Ley lines (pronounced ‘lay’) are in Apparition because I wanted to pay homage to the landscape of its setting, Grey County by imagining the relationship between the land and spiritual energy. I played with the idea of ‘hallowed’ ground and roads taken on a spiritual journey, in this world or to the ‘afterworld’. Whether the reader takes it as literal or just literary is up to them. But these were the steps I travelled:
1. In the West, ‘ley lines’ were coined by an amateur British archeologist named Alfred Watkins in 1921 in a book called The Old Straight Track, when he noticed that landmarks, whether geological or cultural, often appear to be in alignment with each other. He gave examples of four or more natural and historical sites that lined up along single planes, too numerous, he argued, to be a coincidence. He connected the dots and called them ‘ley lines’, after the old English word ‘ley’ meaning a kind of trench or valley. He speculated that they represented ancient roads or trackways.
2. Popular speculation is that there are geological anomalies that point to some kind of invisible earth-energy network running along the surface of our planet, emanating from below ground. Stonehenge is believed to get its mojo from being at a crossroads between two ley lines. Sedona in Arizona is another hotbed of ley line power. Of course, lots of different cultures have parallel ideas that predate Watkins by centuries, beliefs that there are geometric or curved lines in the landscape that act like aqueducts of energy flow. Everyone from dowsers to shamans has been trying to tap into these energy lines for eons. In Chinese culture they’re called “dragon currents,” and it’s bad luck to block or disrupt them. Aborigines in Australia have song lines.
3. They’re sometimes thought of as pathways of heightened spiritual activity, roadways for the traveling souls of dead ancestors. Many spiritualists in the early 20th century believed that ley lines in Great Britain were marked by increased ghost sightings. Some pretty important people believed this, like Sir Arthur Conan Doyle, the creator of Sherlock Holmes.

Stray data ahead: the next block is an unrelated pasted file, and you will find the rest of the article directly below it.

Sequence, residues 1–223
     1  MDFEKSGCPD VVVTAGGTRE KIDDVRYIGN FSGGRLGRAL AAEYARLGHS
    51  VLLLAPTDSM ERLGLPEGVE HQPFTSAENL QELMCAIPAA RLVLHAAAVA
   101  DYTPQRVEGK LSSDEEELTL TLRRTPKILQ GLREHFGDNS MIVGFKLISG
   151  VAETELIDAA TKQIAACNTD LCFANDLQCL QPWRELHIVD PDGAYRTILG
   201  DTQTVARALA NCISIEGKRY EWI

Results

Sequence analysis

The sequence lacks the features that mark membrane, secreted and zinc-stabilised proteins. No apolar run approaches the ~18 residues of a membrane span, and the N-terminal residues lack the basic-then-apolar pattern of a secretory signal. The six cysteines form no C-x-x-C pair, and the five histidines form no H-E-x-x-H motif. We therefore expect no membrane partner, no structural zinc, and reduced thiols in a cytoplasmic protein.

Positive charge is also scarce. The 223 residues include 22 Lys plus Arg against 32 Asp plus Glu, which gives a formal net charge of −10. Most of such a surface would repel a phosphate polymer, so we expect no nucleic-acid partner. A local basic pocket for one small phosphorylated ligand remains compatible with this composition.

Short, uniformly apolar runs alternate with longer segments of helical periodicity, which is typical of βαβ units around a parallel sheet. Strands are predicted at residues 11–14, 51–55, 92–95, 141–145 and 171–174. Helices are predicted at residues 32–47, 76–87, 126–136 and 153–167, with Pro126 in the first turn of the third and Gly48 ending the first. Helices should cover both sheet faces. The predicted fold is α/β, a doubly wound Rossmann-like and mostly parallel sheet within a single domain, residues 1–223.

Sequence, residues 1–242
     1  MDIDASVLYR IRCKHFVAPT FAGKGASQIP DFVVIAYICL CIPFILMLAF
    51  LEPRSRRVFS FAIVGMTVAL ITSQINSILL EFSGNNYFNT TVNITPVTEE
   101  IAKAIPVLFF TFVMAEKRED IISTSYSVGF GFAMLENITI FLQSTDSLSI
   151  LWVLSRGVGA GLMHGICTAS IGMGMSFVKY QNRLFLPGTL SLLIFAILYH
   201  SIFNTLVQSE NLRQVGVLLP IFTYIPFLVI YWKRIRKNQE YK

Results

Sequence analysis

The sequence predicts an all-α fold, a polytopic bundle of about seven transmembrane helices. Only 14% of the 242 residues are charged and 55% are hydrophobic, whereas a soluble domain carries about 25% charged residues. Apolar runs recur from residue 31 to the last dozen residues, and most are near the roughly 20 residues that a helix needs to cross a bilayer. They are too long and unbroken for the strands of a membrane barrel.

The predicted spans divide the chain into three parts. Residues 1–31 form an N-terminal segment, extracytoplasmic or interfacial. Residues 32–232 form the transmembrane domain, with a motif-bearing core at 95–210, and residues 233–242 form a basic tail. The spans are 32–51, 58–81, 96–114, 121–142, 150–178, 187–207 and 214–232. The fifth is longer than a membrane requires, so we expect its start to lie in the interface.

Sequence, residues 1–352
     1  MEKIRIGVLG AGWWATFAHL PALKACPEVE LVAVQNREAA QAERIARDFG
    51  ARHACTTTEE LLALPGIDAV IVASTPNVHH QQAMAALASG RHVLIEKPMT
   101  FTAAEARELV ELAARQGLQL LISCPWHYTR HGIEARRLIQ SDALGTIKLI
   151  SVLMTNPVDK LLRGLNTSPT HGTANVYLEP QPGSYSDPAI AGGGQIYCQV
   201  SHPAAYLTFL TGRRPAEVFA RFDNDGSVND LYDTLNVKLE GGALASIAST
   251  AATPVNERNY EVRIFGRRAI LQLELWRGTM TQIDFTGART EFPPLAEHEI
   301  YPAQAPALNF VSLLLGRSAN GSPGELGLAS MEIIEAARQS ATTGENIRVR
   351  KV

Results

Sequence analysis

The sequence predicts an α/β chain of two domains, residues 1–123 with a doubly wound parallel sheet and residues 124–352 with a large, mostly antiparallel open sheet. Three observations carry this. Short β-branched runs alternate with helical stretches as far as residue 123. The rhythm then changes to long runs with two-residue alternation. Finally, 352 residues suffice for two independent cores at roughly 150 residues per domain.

4. You can find numerous maps of ley lines on the Internet, including for Southern Ontario, the setting for Apparition, but I didn’t draw specifically on any of them. I preferred to combine the idea of a ley line with an Aboriginal ‘ghost road’ instead. Ghost roads are a common element of ancient aboriginal folklore, including amongst First Nations who inhabited the Grey County region thousands of years before colonization by Europeans. Death is a journey – a literal journey by land or water to another place. Ghost roads can be identified by the increase in ghost sightings along them. (More on ghost roads to come!)
5. For some reason, I like the image of a ghost walking along a road, heading somewhere. But in Apparition, I was also imagining reasons why ghosts might not take that journey, getting trapped in ‘this world’ when they’re supposed to be on their journey to the ‘next’. And then I wondered whether sometimes they just don’t want to hit the road.
My APPARITION character ‘Morris Dyson’ is a columnist at a fictional Owen Sound newspaper, an historian specializing in the local social history of Grey County. That’s his day job. By night, he’s a secret ghost-tracker, mapping out ghost sightings, researching the stories surrounding them, helping my protagonist Amelia Mackenzie solve the mysteries behind their restlessness. Dyson is himself a world-weary, haunted man, with a heavy heart and a gaunt face. I kind of imagined him as Harry Dean Stanton in the wonderful Christmas movie One Magic Christmas (shot, by the way, in Meaford and Owen Sound in Grey County!), with a sad, cowboy drawl.